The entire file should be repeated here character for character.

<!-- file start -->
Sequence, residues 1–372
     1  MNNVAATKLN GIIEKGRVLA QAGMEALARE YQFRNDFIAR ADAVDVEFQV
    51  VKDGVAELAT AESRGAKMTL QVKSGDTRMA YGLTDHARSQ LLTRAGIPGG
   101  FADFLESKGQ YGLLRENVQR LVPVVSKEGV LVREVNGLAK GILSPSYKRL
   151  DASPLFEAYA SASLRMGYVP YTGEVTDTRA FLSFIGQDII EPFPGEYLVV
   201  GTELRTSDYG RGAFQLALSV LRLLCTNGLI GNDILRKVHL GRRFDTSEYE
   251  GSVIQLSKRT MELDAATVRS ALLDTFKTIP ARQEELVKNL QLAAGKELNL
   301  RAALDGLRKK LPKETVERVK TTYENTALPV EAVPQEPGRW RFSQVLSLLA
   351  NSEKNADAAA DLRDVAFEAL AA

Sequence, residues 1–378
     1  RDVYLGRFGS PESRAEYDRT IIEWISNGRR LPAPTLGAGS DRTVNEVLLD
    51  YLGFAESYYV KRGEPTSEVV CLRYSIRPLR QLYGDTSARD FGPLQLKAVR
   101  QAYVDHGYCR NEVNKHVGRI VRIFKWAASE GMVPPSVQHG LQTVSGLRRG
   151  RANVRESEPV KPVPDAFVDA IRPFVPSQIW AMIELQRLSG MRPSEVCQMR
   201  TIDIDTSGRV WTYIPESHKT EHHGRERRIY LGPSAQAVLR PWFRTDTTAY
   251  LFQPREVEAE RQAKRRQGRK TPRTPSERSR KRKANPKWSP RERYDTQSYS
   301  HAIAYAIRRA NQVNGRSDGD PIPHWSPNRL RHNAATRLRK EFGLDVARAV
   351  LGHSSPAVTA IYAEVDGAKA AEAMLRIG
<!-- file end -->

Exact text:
Sequence, residues 1–372
     1  MNNVAATKLN GIIEKGRVLA QAGMEALARE YQFRNDFIAR ADAVDVEFQV
    51  VKDGVAELAT AESRGAKMTL QVKSGDTRMA YGLTDHARSQ LLTRAGIPGG
   101  FADFLESKGQ YGLLRENVQR LVPVVSKEGV LVREVNGLAK GILSPSYKRL
   151  DASPLFEAYA SASLRMGYVP YTGEVTDTRA FLSFIGQDII EPFPGEYLVV
   201  GTELRTSDYG RGAFQLALSV LRLLCTNGLI GNDILRKVHL GRRFDTSEYE
   251  GSVIQLSKRT MELDAATVRS ALLDTFKTIP ARQEELVKNL QLAAGKELNL
   301  RAALDGLRKK LPKETVERVK TTYENTALPV EAVPQEPGRW RFSQVLSLLA
   351  NSEKNADAAA DLRDVAFEAL AA

Sequence, residues 1–378
     1  RDVYLGRFGS PESRAEYDRT IIEWISNGRR LPAPTLGAGS DRTVNEVLLD
    51  YLGFAESYYV KRGEPTSEVV CLRYSIRPLR QLYGDTSARD FGPLQLKAVR
   101  QAYVDHGYCR NEVNKHVGRI VRIFKWAASE GMVPPSVQHG LQTVSGLRRG
   151  RANVRESEPV KPVPDAFVDA IRPFVPSQIW AMIELQRLSG MRPSEVCQMR
   201  TIDIDTSGRV WTYIPESHKT EHHGRERRIY LGPSAQAVLR PWFRTDTTAY
   251  LFQPREVEAE RQAKRRQGRK TPRTPSERSR KRKANPKWSP RERYDTQSYS
   301  HAIAYAIRRA NQVNGRSDGD PIPHWSPNRL RHNAATRLRK EFGLDVARAV
   351  LGHSSPAVTA IYAEVDGAKA AEAMLRIG